Ashley: Chilling effect on free expression worth worrying about
What's going on here?
By coincidence or terrible karma, the unsettling developments on the free expression of ideas, open government and our ability to monitor that government are reason for concern and anger.
For weeks now, publishers, editors and the N.C. Press Association have been trying to forestall several initiatives in the General Assembly to loosen or eliminate requirements that local governments publish legal notices -- on new ordinances, public hearings, board and commission meetings and the like -- in general-circulation newers where people can see and are accustomed to seeing them. Lawmakers this session appear poised to reject those efforts but, the recent past suggests that those who want to make it more difficult for people to find these notices will keep trying.
But as troubling as that assault has been, the truly staggering news has come out of Washington.
And both are spawned by an administration many of whose policy initiatives I would like to see succeed. I'm angry that it is both undermining some important principles and increasing the odds important legislative efforts will be derailed.
One key principle is that we're entitled to express passionate and diverse views without government retribution. So it is inexcusable that the Internal Revenue Service by its own acknowledgement was targeting the tax exemptions of patriot and tea party groups. The regulations that govern tax exemption for groups whose efforts for social welfare work bleed into partisan political activity are confusing and inadequate. But that's true across the spectrum, is emblematic of our confused and conflicted election-financing laws and needs legislative resolution.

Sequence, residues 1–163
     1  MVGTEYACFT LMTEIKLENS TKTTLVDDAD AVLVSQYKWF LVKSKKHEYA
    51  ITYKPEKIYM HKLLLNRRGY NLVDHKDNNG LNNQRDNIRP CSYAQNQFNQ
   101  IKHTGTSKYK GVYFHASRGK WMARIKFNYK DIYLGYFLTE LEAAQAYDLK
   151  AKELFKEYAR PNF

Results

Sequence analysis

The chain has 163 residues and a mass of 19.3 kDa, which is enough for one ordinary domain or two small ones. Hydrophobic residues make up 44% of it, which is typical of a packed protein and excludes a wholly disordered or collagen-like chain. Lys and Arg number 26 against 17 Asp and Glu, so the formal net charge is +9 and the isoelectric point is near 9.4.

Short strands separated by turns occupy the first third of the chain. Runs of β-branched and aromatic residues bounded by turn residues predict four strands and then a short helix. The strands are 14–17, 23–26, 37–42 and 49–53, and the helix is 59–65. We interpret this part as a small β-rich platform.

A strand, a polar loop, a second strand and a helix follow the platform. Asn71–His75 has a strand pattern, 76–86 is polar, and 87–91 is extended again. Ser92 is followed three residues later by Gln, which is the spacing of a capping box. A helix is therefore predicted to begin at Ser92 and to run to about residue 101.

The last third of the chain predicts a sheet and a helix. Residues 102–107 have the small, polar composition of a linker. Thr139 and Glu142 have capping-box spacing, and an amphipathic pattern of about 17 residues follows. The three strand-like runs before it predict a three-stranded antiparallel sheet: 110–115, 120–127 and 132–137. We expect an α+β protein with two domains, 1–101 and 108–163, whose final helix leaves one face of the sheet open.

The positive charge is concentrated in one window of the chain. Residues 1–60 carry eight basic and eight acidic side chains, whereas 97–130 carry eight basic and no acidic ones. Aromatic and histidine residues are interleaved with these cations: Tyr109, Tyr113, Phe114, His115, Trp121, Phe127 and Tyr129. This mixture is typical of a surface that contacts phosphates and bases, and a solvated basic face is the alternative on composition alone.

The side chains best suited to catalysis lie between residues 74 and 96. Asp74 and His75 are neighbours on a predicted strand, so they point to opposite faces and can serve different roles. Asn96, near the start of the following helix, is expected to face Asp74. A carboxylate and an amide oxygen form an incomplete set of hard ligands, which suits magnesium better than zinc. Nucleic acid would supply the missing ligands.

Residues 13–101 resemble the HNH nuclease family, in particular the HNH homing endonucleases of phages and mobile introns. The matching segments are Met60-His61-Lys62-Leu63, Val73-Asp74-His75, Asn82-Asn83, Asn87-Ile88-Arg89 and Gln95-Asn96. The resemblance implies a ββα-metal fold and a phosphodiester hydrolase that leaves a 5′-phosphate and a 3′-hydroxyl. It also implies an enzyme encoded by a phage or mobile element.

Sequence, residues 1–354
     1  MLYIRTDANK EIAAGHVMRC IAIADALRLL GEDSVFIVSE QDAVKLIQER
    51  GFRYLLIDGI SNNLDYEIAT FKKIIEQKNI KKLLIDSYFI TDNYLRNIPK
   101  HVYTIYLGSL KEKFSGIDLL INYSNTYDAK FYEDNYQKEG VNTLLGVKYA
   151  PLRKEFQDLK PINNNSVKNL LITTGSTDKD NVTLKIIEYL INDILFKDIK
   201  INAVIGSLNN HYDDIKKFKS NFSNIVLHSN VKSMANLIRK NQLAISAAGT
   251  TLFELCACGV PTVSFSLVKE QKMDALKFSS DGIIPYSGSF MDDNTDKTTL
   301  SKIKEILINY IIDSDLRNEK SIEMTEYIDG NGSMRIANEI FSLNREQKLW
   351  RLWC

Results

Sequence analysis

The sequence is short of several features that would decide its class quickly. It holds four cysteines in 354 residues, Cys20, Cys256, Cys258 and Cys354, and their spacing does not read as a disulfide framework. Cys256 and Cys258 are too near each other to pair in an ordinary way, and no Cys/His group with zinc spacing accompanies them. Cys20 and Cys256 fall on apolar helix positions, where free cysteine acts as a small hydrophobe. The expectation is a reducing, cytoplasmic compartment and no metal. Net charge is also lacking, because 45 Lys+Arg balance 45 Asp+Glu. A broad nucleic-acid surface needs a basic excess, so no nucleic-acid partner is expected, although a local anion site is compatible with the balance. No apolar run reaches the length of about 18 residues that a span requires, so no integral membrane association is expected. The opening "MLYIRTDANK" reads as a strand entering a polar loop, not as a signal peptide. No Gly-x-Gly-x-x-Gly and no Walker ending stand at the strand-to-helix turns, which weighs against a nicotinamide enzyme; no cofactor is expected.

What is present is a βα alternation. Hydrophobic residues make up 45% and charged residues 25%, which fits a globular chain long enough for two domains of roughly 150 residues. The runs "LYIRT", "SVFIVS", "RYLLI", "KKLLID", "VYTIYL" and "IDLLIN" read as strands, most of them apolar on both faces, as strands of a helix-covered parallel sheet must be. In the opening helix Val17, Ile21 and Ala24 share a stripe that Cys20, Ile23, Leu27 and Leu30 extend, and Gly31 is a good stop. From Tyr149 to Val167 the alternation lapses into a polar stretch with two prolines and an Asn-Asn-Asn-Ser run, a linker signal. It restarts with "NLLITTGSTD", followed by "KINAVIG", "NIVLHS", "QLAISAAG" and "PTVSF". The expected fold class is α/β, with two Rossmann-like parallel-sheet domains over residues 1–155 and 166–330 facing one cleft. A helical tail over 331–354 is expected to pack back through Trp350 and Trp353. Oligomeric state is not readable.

But the suggestion that the IRS singles put those with a particular ideological bent -- at odds with and often vehemently hostile toward the Obama administration -- is unacceptable. At mid-week, as I write this, Obama is trying forcefully to hold IRS leaders accountable -- and distance himself from the scandal.
Another move, even more dangerous in my view, is the work of top echelons in the Justice Department, even if Attorney General Eric Holder may have been uninvolved. Justice, investigating leaks to journalists -- which this administration has done with a fervor unseen in recent adminstrations of either party -- subpoenaed records of a months of phone calls to and from scores of Associated Press reporters and editors.
The scope swept up far more calls than might have been involved in the leak under investigation.
The potential to chill important newsgathering is immense. For government officials to know who reporters are calling puts those called at risk of scrutiny over what they might have said. This and virtually every news organization regularly get calls from people who want to alert us to government misdeeds. Many are personal peeves or misreadings. But some are invaluable openings to uncover misfeasance. Would they call if they knew the government could find their phone number in a news organization's phone records?
I know the "mainstream media" have our critics and those who would write off our relevance. But government 's chilling reporting will diminish the ability of advocacy writers and bloggers, too. I'd argue that eroding our ability to perform our historic function as government watchdog diminishes the public good.
As does IRS harassment of groups who are rhetorical and political thorns in the side of the party -- either party -- in power. As is decreasing the opaqueness of local government in a state already more opaque than many.
Government openness and accountability are too important not to fend off these moves that have diminished or could diminish them.
Bob Ashley is editor of The Herald-Sun. You can reach him at 919-419-6678 or at firstname.lastname@example.org.